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Math Help - Proving an inequality without induction

  1. #1
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    Proving an inequality without induction

    Hello, I have proved this statement using induction, but I am just wondering if you can do it without induction:

    \sum_{k=1}^n\frac{k}{2^k}<2

    for all n\geq 1.

    I'm wondering if there is another way since I heard that induction is "not elegant".

    Thanks!
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  2. #2
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    Re: Proving an inequality without induction

    Induction in general is very elegant. In this case, obviously, it requires strengthening the induction statement from \sum_{k=1}^n\frac{k}{2^k}<2 to \sum_{k=1}^n\frac{k}{2^k}<2-E(n) for some positive expression E(n). This method illustrates the reason for the inequality and shows how close the sum gets to 2. I would say this is very illuminating way of proving the inequality. Which E(n) did you use?

    Another way is a standard trick from generating functions. Let f(x)=\sum_{k=0}^\infty\frac{x^k}{2^k} =\frac{2}{2-x}. Then f'(x)=\sum_{k=1}^\infty\frac{kx^{k-1}}{2^k} for x<2 (see Wikipedia), so f'(1)=\sum_{k=1}^\infty\frac{k}{2^k}.
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  3. #3
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    Re: Proving an inequality without induction

    Hello, Ragnarok!

    Hello, I have proved this statement using induction,
    but I am just wondering if you can do it without induction:

    . . . \displaystyle\sum_{k=1}^n\frac{k}{2^k}<2

    We have: . . . . . S \;=\;\frac{1}{2} + \frac{2}{2^2} + \frac{3}{2^3} + \frac{4}{2^4} + \hdots + \frac{n}{2^n}

    Multiply by \tfrac{1}{2}:\;\frac{1}{2}S \;=\;\qquad \frac{1}{2^2} + \frac{2}{2^3} + \frac{3}{2^4} + \hdots + \frac{n-1}{2^n} + \frac{n}{2^{n+1}}

    Subtract: . . . . \frac{1}{2}S \;=\;\underbrace{\frac{1}{2} + \frac{1}{2^2} + \frac{1}{2^3} + \frac{1}{2^4} + \hdots + \frac{1}{2^n}}_{\text{geometric series}} - \frac{n}{2^{n+1}}

    . . The geometric series has a sum of: 1 - \tfrac{1}{2^n}


    We have: . \frac{1}{2}S \;=\;\left(1 - \frac{1}{2^n}\right) - \frac{n}{2^{n+1}}

    . . . . . . . . \frac{1}{2}S \;=\;\frac{2^{n+1} - 2 - n}{2^{n+1}}

    Multiply by 2: . S \;=\;\frac{2^{n+1} - 2 - n}{2^n}

    . . . . . . . . . . . S \;=\;\frac{2^{n+1}}{2^n} - \frac{2+n}{2^n}

    . . . . . . . . . . . S \;=\;2 - \frac{n+2}{2^n}


    Since the fraction is positive, S \:<\:2.
    Thanks from johng, emakarov and Ragnarok
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  4. #4
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    Re: Proving an inequality without induction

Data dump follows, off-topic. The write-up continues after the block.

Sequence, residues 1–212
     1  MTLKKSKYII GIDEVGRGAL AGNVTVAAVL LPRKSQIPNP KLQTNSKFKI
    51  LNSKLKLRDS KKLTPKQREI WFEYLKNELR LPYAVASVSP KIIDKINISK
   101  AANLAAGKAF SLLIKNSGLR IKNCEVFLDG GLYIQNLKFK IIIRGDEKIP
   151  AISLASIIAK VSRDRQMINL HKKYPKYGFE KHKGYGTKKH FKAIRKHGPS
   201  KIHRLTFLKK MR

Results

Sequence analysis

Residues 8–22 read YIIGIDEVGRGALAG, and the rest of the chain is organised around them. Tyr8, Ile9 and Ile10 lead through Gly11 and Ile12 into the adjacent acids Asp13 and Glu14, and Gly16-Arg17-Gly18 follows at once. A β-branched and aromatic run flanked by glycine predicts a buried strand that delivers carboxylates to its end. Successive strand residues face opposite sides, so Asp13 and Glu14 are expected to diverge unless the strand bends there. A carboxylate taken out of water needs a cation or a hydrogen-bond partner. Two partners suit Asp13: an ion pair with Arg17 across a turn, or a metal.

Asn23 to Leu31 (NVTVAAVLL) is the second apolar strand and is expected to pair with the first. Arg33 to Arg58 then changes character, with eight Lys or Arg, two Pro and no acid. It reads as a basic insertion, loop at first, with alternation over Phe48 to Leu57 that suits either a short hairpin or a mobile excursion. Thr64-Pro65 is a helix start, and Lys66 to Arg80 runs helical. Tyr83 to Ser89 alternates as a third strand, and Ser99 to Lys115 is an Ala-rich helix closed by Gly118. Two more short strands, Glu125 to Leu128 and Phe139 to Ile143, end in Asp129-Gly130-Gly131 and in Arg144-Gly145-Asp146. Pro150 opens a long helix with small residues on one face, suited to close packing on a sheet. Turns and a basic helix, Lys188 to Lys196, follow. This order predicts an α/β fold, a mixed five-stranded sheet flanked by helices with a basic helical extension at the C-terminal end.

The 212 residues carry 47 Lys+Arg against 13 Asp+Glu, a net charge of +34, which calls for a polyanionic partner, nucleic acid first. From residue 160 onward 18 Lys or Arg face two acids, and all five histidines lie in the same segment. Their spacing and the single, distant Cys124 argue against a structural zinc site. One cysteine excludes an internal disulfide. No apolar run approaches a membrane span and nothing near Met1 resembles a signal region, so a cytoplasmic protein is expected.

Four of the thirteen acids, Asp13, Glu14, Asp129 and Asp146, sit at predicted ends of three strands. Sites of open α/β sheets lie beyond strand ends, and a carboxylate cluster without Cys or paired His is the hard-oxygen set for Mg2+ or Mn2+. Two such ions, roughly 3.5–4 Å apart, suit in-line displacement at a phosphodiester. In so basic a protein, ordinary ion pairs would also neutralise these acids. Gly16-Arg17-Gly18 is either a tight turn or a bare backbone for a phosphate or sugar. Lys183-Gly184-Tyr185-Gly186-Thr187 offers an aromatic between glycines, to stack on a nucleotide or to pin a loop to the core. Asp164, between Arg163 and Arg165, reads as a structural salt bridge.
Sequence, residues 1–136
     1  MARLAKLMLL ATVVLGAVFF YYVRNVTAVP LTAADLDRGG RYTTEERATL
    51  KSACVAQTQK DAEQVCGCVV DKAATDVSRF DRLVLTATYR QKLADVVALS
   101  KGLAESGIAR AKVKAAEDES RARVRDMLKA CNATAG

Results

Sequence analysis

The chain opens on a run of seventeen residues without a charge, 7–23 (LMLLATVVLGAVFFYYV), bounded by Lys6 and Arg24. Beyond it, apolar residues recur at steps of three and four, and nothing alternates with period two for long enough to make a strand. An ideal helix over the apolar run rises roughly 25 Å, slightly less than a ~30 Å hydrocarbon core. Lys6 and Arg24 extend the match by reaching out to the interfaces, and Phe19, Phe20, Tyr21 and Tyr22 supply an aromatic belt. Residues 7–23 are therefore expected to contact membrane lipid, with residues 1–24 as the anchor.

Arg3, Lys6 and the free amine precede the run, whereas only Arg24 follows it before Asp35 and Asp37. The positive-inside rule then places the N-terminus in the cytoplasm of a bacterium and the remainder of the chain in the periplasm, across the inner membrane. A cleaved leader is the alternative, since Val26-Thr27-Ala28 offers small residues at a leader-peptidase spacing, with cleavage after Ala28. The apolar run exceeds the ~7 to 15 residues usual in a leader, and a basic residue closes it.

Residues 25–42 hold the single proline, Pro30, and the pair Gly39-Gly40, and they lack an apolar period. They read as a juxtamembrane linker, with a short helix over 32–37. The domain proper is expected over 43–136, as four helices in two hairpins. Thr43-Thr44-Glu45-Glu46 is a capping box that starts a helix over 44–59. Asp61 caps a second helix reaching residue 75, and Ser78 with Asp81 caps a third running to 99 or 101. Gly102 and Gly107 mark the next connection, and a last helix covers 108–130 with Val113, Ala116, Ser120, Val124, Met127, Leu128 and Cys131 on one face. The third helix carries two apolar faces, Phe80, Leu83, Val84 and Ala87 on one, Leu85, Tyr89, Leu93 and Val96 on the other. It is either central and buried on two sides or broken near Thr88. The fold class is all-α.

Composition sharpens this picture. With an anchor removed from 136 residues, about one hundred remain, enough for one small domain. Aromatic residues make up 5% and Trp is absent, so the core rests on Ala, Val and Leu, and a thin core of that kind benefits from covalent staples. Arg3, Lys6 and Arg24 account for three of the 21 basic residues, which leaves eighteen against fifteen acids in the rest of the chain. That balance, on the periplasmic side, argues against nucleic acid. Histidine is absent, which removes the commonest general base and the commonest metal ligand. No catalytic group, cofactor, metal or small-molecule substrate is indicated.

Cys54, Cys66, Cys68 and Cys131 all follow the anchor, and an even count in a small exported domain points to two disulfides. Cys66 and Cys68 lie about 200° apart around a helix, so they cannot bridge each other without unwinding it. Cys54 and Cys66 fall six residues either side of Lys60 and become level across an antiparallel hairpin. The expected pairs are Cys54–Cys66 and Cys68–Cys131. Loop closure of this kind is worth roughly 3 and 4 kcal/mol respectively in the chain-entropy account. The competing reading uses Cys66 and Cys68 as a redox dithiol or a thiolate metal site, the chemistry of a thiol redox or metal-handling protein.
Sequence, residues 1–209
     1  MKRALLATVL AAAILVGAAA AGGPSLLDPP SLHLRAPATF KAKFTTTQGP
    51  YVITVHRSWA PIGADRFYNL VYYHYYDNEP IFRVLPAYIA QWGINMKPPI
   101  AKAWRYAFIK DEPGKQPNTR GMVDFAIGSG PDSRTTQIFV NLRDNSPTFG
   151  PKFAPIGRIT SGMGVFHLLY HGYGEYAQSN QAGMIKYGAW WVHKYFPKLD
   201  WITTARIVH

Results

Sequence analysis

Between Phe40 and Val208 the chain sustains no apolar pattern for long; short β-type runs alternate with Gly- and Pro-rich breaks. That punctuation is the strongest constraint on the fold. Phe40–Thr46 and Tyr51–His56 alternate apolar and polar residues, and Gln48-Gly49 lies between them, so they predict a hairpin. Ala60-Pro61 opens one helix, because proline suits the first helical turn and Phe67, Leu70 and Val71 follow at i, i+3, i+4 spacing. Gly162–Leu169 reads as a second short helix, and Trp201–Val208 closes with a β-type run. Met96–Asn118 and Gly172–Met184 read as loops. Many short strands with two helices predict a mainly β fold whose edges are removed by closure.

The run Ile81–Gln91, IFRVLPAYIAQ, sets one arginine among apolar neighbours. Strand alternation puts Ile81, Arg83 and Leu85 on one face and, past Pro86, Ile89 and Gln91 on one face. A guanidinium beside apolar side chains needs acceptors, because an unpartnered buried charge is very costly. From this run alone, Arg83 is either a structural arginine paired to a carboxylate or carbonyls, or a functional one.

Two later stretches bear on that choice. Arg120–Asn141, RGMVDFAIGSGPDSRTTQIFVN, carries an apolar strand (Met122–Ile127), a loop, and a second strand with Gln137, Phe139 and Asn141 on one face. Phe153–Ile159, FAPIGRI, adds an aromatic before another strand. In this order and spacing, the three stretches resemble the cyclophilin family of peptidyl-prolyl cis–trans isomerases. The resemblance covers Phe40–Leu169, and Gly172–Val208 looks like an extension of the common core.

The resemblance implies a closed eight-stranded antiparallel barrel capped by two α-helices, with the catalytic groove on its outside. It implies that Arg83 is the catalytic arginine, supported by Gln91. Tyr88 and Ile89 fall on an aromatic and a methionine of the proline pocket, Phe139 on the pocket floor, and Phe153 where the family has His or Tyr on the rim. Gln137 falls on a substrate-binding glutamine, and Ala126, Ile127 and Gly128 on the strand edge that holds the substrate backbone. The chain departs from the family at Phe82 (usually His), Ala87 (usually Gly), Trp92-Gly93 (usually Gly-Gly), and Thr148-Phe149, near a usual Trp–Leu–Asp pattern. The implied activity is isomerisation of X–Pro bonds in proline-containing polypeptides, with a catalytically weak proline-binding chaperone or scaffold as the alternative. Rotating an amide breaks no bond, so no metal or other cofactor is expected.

Thank you both so much! I'm sorry I didn't get back to you sooner. emakarov, I tried to put my proof in the form you described and I couldn't - in fact, I couldn't even reproduce the proof. So maybe I got something wrong. I'm going to try again. Soroban, I love your answer, thank you so much.
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  5. #5
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    Re: Proving an inequality without induction

    I am not sure my method, which is supposed to work by proving \sum_{k=1}^n k/2^k<2-E(n) for some E(n), is feasible. However, Soroban's final equality can be proved by induction.
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  6. #6
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    Re: Proving an inequality without induction

    Okay, I think I got it. Here's what I did for the inductive step:

    \sum_{k=1}^n\frac{k}{2^k}<2

    \Longleftrightarrow\frac{1}{2^n}\sum_{k=1}^n2^{n-k}k<2

    \Longleftrightarrow\sum_{k=1}^n2^{n-k}k<2^{n+1}

    \Longleftrightarrow \left(\sum_{k=1}^n2^{n-k}k\right)+(n+1)<2^{n+1}+(n+1)

    Since n+1<2^{n+1} (can be shown separately), we have 2^{n+1}+(n+1)<2\cdot 2^{n+1}=2^{n+2} and so

    \Longleftrightarrow\sum_{k=1}^{n+1}2^{n-k}k<2^{n+2}

    as required.

    So what would be the E(n) in this argument?
    Last edited by Ragnarok; June 30th 2013 at 02:27 PM.
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  7. #7
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    Re: Proving an inequality without induction

    Oh, sorry, I forgot to put it back in the right form:

    \sum_{k=1}^{n+1}2^{n-k}k<2^{n+2}

    \Longleftrightarrow \frac{1}{2^{n+1}}\sum_{k=1}^{n+1}2^{n-k}k<2

    \Longleftrightarrow \sum_{k=1}^{n+1}\frac{k}{2^k}<2

    I hope that's right...
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  8. #8
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    Re: Proving an inequality without induction

    Mistake in that last bit...should be an n+1 in parts of it.
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